Hiking a designated trail involves prescribed origins and destinations, whether it be a four-mile jaunt from Clingman’s Dome to Siler’s Bald in the Great Smoky Mountains National Park or a 2,000-mile trek from north Georgia to Maine along the Appalachian Trail. The designation “trail” implies official recognition by mapmakers, hiking clubs, periodic maintenance, and state or federal authorities monitoring its use.
Trails are usually marked with guideposts and described in hiking guides. They involve advance planning, the accumulation of materials, and the toting of a load, whether it be a 60-pound backpack or a six-pound daypack. They mean driving some distance to a trailhead and departing with some objective in mind.
Mountain pathways, on the other hand, are the reverse side of the coin. They usually don’t have names and few are delineated in books. Rangers don’t patrol them asking where you’re going or if you have a permit. If they have destinations, they lead down to creeks or over the near ridge to an old homesite.
Many don’t lead anywhere. There’re just sort of there for no particular reason except enough people like a place well enough to go walking there from time to time. They’re maintained anonymously by succeeding generations. As such, they’re quiet links with our past and the people who have been walking these hills for many thousands of years.
The best are those just beyond your front door. You can walk them almost without forethought. All you need to carry is yourself. Without a particular destination or objective, you tend naturally to slow down and pay attention. My favorites are those that wind alongside the creek below our house. I’ve walked them day and night for going on 35 years. My feet quite literally “know” the way.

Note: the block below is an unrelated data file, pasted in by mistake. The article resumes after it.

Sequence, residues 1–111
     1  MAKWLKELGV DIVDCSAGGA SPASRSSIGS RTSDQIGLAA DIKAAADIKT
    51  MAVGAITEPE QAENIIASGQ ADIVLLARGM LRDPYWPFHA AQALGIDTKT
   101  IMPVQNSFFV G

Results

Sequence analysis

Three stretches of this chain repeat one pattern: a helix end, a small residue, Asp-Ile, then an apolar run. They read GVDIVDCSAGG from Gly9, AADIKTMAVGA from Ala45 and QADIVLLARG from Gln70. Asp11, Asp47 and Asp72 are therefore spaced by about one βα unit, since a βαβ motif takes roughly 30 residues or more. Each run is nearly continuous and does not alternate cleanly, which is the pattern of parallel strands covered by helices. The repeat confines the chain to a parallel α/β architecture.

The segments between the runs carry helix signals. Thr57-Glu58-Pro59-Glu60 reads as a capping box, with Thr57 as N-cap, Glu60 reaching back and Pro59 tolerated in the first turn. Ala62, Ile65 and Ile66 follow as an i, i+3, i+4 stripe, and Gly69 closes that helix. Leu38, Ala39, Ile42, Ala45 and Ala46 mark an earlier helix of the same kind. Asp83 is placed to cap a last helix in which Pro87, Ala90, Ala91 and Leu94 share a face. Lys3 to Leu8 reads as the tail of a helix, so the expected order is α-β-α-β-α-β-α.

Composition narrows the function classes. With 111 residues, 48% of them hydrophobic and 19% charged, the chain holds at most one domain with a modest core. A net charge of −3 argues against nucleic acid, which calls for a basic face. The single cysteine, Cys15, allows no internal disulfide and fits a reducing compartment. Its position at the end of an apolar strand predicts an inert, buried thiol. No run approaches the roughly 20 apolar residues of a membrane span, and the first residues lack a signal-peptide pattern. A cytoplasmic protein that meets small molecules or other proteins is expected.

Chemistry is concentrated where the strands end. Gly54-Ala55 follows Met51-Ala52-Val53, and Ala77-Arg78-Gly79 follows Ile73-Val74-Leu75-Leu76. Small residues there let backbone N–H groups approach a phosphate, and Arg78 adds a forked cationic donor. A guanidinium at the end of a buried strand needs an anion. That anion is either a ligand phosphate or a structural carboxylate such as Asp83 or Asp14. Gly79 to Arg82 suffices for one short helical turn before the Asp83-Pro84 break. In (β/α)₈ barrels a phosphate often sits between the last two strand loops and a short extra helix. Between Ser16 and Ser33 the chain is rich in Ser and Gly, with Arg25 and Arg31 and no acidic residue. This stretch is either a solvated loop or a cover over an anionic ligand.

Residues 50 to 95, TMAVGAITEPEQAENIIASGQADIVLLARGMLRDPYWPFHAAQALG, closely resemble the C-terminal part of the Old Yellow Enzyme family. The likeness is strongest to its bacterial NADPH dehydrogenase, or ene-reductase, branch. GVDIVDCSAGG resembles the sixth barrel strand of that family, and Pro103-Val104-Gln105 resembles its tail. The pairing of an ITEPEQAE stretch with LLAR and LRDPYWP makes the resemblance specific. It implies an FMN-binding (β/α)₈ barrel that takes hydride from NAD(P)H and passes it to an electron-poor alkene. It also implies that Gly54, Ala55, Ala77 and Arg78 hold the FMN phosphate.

A mountain path has a life of its own. Darting here and there, it discovers the perfect route to a high gap. Have you ever marveled at the way paths merge and then diverge effortlessly? Or the way your feet find their way effortlessly over the softly worn ground? You can feel a good path in your bones. Each has a life of its own. Here’s a poem in which I try to say some of these things:
Don’t Walk Fast
At first just listen – after awhile
sound will distill in your body.
Slowly refocus mind and ear.
Attend the silences between
foot swings and boot falls.
Those spaces pulse making sound
complete and movement whole.
There’s the music – call it that.
It was not here before you came.
Won’t be here when you’re gone.
Do not avoid steeper slopes.
Against grade intervals widen.
In them you will feel the lovely
up-curving pathway arc in a manner
that is unrealizable coming down.
— By George Ellison from “Permanent Camp,” a collection of narratives and poems to be published in 2011.